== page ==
The Effect of Resuspension on Primary Production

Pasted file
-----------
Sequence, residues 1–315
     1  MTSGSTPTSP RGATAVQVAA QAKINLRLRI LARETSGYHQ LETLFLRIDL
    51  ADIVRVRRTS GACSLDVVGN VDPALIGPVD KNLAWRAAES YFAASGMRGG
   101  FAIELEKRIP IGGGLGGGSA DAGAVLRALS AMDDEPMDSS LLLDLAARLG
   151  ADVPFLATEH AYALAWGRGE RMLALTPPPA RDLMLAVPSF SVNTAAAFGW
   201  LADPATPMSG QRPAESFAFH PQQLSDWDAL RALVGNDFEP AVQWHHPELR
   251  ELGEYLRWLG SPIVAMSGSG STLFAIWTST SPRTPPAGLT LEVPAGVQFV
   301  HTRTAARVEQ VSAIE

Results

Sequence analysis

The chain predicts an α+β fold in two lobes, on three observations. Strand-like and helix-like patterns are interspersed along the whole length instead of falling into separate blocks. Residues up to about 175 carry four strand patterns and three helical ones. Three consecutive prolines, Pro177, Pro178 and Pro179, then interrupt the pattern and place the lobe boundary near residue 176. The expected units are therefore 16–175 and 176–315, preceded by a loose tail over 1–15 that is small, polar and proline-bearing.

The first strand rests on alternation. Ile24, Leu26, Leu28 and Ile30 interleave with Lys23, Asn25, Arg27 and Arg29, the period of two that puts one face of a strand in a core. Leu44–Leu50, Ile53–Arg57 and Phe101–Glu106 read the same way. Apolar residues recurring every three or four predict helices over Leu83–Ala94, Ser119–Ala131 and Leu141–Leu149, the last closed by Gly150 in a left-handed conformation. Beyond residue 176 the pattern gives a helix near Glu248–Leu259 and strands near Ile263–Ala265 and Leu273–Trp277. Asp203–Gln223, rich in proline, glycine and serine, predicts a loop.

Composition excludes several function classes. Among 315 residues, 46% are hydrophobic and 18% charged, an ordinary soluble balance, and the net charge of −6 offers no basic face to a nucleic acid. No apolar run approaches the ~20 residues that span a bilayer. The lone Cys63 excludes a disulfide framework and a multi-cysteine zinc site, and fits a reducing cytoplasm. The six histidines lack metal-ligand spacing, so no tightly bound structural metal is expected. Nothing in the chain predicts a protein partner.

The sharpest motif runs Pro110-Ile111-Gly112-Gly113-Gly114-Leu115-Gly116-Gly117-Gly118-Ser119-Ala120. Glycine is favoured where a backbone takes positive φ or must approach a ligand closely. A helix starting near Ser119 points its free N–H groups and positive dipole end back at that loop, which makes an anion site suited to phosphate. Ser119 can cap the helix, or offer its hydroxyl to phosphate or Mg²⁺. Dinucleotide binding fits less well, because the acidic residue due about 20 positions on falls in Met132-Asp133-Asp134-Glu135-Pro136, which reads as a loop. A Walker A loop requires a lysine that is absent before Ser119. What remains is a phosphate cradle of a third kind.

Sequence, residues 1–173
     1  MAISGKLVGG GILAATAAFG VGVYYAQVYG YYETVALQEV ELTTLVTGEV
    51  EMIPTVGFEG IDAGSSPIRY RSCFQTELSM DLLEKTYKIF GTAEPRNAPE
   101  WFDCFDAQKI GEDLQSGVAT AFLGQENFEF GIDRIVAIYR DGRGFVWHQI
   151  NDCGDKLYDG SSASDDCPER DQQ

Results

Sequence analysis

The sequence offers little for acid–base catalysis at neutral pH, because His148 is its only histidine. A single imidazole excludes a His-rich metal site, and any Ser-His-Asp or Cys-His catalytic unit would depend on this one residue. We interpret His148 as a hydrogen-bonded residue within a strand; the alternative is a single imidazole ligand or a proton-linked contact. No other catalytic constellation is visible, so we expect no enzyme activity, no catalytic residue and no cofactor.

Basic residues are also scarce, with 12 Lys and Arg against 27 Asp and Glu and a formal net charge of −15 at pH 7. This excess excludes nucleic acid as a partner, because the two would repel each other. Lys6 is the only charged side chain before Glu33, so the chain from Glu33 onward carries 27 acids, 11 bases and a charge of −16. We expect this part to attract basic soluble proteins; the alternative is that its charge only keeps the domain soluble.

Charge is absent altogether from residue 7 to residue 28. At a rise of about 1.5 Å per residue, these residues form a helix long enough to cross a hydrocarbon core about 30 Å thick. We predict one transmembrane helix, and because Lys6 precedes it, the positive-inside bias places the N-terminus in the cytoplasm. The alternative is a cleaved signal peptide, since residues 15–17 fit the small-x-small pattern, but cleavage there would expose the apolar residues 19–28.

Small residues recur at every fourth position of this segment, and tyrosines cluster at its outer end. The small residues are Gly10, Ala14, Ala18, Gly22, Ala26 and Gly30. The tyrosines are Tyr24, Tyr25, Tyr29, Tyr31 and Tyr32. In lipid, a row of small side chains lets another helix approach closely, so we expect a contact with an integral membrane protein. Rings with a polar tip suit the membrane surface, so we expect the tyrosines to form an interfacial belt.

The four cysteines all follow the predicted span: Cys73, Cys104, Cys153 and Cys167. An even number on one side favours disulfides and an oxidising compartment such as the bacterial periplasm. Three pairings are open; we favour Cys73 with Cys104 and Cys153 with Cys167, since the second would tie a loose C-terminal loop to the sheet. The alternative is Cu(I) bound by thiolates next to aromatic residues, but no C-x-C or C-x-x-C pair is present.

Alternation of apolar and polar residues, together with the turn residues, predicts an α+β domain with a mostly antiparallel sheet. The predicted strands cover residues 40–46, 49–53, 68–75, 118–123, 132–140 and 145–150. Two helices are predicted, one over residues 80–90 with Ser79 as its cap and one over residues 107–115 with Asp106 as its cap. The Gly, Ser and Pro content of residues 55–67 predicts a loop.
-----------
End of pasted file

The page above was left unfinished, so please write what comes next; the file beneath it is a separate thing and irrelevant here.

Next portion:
In a physically-forced environment, the rate of net areal production may be driven by resuspension of benthic algae and sediment. Short-term (hourly) shifts in the number of photosynthetic organisms and in the attenuation of light may be greater than variation between days. The effect of resuspension on net areal production can be described by a simple model derived from that developed by Tailing (New Phytologist 56:133–149, 1957). The model is based on four dimensionless parameters: relative changes in suspended chlorophyll (Chl’) and the diffuse attenuation coefficient (k’); the ratio of total incident light to that saturating photosynthesis (Io/Ik); and the relative photosynthetic capacities of benthic and suspended algae (BP/SP). Chl’ and k’ are not dependent; their relationship depends on the relative suspensibility of benthic algae and sediment. Where benthic algae are more easily suspended than the sediment, resuspension enhances net areal production. Otherwise, the decrease in light penetration as sediment is suspended outweighs the effect of the increase in the number of potential primary producers and production drops. The sensitivity of net areal production to resuspension is highest when Io/Ik and BP/SP are high and is lowest when Io/Ik and BPSP are low. The relationships described by the model are compared to experimental data of fluxes of chlorophyll, attenuation, incident light, and the photosynthesis-irradiance parameters of suspended and benthic algae.